The Quiet of Winter
The holidays are sure fun! They're filled with lots to do, people to see, events to attend! Although I enjoy the holidays, especially re-connecting and spending time with loved ones, I also look forward to a quieter space as we nestle into the winter months. To me, winter solstice marks the beginning of a still, peaceful time.
I take my cues from nature. This is a time to slow down for a little while. A time for long walks at dawn or dusk when no one else is out. It's also a time to rest a bit. A time to cuddle up in a blanket with a good book and a cup of tea. It's a time for gentle self-care and nurturing. It's a time to reflect.
Wishing you a peaceful winter season. May you enjoy the quiet...
I first got the idea to include pygmy nuthatch in a western body of work from my friend Chris, an ecologist with The Nature Conservancy. A few years ago, I met with Chris to talk about the most important species and ecosystems in Colorado, and he gave me excellent ideas for subjects to include in my series of paintings. Pygmies were among them.
These nuthatches are tiny, communal songbirds that flit from branch to branch with boundless happy energy. I've enjoyed hours watching them and listening to their cute “rubber-ducky” calls. Pygmies breed in large extended-family groups and need mature pine forests to successfully nest. During cold winters here in the West, these little birds even roost together to keep warm.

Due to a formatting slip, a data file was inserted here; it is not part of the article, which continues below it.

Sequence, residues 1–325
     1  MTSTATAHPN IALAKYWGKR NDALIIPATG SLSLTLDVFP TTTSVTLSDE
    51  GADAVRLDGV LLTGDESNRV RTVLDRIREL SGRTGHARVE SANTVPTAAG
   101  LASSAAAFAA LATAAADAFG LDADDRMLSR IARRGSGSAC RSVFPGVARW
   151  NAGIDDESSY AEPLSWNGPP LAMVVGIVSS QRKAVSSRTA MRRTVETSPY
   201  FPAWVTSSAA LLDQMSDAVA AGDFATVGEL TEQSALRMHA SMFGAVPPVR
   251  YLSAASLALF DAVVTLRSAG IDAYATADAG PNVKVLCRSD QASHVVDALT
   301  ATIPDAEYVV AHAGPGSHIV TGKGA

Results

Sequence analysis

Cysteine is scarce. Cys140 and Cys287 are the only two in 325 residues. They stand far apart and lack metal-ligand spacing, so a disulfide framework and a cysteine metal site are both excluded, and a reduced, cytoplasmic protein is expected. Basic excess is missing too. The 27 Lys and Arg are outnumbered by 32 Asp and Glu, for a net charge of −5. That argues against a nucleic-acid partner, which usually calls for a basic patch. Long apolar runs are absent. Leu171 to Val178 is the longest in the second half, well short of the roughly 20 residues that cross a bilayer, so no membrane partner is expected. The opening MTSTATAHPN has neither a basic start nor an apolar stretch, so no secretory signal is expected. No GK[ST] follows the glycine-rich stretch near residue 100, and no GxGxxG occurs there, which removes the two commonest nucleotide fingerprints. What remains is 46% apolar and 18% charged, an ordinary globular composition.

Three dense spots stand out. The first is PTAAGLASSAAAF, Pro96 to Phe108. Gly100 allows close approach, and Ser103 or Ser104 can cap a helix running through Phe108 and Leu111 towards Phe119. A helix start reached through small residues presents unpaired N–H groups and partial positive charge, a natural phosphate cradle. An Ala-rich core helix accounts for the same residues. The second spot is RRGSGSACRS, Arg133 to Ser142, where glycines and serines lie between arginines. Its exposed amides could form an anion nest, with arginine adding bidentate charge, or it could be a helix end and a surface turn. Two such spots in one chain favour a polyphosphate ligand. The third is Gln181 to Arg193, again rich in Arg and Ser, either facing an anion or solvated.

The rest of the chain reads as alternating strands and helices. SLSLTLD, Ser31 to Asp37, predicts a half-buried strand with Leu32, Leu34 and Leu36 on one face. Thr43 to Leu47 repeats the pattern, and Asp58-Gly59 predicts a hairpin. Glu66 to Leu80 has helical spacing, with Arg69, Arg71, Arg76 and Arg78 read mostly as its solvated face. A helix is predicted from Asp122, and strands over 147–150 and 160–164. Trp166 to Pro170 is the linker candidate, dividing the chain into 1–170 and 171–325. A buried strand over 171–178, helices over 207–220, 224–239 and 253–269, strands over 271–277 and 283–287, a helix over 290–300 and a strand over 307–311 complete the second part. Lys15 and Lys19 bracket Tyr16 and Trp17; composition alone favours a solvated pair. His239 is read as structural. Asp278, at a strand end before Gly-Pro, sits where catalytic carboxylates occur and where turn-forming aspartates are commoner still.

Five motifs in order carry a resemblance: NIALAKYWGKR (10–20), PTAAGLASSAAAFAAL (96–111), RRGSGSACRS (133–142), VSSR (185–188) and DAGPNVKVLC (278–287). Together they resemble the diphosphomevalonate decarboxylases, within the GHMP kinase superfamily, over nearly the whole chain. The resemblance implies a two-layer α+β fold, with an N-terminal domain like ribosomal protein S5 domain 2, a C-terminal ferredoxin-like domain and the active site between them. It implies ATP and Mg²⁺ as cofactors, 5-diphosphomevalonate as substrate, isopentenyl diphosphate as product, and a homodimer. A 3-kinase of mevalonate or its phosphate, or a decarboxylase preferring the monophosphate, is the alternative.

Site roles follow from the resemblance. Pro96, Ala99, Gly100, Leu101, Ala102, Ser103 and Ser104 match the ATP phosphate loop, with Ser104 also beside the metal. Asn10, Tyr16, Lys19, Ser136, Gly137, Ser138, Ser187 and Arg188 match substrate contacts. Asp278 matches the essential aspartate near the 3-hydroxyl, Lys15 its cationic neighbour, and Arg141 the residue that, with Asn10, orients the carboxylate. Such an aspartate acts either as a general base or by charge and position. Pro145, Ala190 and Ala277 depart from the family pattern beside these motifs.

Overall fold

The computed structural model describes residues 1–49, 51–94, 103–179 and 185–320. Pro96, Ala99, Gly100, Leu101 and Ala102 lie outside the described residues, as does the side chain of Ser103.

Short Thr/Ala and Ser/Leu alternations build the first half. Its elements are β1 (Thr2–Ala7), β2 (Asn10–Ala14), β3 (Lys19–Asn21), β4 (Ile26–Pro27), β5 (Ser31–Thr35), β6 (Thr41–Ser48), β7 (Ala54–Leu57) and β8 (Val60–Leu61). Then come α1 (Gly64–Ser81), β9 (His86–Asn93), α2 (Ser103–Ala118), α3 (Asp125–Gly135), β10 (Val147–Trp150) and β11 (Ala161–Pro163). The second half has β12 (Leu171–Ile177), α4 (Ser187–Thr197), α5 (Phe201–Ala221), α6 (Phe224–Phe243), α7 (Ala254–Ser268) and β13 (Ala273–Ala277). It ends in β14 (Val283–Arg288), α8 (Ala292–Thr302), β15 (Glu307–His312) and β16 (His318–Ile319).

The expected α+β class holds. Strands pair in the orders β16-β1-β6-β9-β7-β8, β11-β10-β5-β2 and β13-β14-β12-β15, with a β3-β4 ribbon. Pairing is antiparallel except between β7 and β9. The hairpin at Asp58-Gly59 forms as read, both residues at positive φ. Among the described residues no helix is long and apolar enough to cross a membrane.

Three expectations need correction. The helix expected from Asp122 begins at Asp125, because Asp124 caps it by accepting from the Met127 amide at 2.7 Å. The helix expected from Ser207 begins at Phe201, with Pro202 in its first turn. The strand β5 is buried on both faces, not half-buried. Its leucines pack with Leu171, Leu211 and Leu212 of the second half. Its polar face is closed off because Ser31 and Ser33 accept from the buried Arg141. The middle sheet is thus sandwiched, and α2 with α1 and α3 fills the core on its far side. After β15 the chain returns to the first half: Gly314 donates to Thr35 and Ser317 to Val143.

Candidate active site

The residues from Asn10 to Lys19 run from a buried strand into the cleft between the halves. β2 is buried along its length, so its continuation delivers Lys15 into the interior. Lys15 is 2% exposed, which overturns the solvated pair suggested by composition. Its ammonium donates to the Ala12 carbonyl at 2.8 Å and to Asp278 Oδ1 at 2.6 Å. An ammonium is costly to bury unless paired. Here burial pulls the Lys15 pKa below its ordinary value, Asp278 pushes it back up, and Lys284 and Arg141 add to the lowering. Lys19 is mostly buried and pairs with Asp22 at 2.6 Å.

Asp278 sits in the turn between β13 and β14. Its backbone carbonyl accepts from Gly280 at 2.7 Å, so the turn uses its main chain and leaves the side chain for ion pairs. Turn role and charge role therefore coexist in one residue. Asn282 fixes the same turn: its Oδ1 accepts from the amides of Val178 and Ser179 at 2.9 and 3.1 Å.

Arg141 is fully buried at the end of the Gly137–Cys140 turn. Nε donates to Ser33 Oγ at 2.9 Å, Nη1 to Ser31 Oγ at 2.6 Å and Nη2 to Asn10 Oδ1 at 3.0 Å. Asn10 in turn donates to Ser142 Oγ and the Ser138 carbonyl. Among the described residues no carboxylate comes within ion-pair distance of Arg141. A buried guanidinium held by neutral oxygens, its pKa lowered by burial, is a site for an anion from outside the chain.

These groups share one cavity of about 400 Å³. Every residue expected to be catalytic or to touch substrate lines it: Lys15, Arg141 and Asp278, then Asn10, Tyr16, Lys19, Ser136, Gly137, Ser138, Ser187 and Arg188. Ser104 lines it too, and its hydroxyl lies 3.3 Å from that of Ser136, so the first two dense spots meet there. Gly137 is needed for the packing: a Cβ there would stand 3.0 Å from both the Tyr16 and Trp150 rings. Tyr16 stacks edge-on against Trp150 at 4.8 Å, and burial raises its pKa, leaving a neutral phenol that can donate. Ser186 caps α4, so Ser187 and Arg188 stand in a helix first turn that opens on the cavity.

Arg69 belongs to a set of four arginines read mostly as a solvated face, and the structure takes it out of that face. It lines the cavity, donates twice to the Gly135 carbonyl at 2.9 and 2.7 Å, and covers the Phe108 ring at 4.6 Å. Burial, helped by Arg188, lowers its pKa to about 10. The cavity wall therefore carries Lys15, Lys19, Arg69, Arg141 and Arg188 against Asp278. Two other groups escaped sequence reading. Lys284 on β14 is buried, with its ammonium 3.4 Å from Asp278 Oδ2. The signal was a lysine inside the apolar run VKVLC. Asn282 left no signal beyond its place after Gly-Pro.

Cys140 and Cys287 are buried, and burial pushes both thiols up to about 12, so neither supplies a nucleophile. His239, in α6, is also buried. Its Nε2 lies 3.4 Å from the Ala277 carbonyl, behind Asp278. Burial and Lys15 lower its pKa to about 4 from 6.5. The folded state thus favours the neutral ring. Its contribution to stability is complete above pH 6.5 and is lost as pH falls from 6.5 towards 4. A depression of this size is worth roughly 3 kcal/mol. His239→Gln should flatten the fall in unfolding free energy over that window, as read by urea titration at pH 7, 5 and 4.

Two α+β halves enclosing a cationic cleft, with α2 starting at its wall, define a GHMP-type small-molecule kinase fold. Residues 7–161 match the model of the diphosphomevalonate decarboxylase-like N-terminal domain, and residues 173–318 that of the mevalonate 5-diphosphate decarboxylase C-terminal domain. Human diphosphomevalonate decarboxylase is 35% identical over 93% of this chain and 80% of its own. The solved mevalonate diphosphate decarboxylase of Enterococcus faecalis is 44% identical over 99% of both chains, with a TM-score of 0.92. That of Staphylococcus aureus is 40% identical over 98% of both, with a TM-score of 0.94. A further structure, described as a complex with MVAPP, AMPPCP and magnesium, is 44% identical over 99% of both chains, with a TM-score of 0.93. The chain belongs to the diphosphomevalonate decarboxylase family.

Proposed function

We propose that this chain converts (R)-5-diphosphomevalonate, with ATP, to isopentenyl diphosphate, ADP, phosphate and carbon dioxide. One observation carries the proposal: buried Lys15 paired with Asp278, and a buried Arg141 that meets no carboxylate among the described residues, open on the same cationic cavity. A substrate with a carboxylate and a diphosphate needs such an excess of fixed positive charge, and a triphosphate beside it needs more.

In this painting, I highlight the connection of mature forests to healthy populations of songbirds. Pygmies, once common, face challenges today in places like Colorado because of heavy land use alteration and forest clearing. Let's keep our mature pine forests flourishing to ensure that these adorable songbirds have a bright, beautiful future!
Within the last few weeks, I finished the second painting for the exhibit in Vancouver next year. The Amber Mountain Rock-thrush! These beautiful little birds are on the IUCN's red list because just like the Ridgway's Hawk (my first painting for this exhibit), they have a very small, isolated population. They live in mid-altitude montane forests and are cavity nesters, raising their young in rock crevices and tree hollows. The Amber Mountain Rock-thrush has been found only in Madagascar's Amber Mountain massif. The bird's population is estimated to be less than 5,000 due to habitat loss and deforestation.
My hope is that through the Silent Skies exhibit, the artistic centerpiece for the International Ornithological Congress next September, we will raise awareness for bird conservation around the world. In my newest painting, the male thrush in his brilliant blue and red colors is singing to his mate with happy optimism! We can restore balance in our natural world! Yes we can!
Stay warm and cozy,
enjoy quiet moments in nature,
and take good care of you!
As always, please feel free to leave a comment below...
I'd love to hear from you! How do you enjoy nature during the winter months?
With love for the natural world, I'm inspired to share how species are connected to each other, to their ecosystem homes, and to people around the world. An eternal optimist, I bring into visual form the concept of biological diversity, the unity of all life, and how we're all connected. In our connection lies hope.